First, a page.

The Making of the Mosaic: A History of Canadian Immigration Policy

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University of Toronto Press, 2010 - Social Science - 689 pages
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Immigration policy is a subject of intense political and public debate. In this second edition of the widely recognized and authoritative work The Making of the Mosaic, Ninette Kelley and Michael Trebilcock have thoroughly revised and updated their examination of the ideas, interests, institutions, and rhetoric that have shaped Canada's immigration history.

Beginning their study in the pre-Confederation period, the authors interpret major episodes in the evolution of Canadian immigration policy, including the massive deportations of the First World War and Depression eras as well as the Japanese-Canadian internship camps during World War Two. New chapters provide perspective on immigration in a post-9/11 world, where security concerns and a demand for temporary foreign workers play a defining role in immigration policy reform. A comprehensive and important work, The Making of the Mosaic clarifies the attitudes underlying each phase and juncture of immigration history, providing vital perspective on the central issues of immigration policy that continue to confront us today.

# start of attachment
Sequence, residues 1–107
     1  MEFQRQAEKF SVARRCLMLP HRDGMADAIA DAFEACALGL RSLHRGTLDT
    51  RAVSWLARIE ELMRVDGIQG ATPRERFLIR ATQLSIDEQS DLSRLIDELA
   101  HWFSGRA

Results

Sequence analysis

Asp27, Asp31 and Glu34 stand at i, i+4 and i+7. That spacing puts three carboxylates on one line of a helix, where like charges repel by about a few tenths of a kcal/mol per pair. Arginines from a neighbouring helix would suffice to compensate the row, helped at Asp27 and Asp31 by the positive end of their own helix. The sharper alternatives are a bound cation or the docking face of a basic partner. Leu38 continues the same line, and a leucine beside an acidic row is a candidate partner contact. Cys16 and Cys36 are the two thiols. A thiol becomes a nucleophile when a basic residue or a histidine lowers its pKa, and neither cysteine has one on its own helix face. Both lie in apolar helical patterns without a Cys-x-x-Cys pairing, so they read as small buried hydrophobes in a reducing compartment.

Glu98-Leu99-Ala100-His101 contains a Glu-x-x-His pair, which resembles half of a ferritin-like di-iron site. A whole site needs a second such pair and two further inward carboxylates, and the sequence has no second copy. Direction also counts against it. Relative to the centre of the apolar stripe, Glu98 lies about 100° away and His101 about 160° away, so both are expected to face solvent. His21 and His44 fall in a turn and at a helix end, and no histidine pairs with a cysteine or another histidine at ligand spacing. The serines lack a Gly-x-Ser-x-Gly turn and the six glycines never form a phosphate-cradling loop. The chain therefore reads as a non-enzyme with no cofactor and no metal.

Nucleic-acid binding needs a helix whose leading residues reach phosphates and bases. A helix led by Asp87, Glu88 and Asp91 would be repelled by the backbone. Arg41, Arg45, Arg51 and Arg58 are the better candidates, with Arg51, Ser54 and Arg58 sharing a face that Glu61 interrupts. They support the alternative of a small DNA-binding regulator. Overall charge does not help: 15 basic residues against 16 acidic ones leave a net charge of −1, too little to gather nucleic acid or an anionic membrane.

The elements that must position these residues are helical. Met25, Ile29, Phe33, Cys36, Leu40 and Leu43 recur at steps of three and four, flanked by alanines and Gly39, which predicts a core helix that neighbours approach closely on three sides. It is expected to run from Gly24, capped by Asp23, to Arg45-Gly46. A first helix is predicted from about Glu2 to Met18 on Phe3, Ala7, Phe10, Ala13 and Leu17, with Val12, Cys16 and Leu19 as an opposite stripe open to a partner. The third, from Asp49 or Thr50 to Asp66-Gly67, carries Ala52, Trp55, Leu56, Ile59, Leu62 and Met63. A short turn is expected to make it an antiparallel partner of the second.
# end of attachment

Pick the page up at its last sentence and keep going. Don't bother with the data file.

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Contents

The Land
22
Industrialization Immigration and the Foundation
113
The Dominance of Economic
167
Exclusion and Expulsion
220
Reopening the Door Selectively
316
Democracy and Due Process
352
The Fraying
380
A Return to Executive Discretion
417
Ideas Interests and Institutions
463
Notes
473
Select Bibliography
617
Index
663
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About the author (2010)

Ninette Kelley works for the United Nations High Commissioner for Refugees (UNHCR).

Michael Trebilcock holds the Chair in Law and Economics in the Faculty of Law at the University of Toronto.

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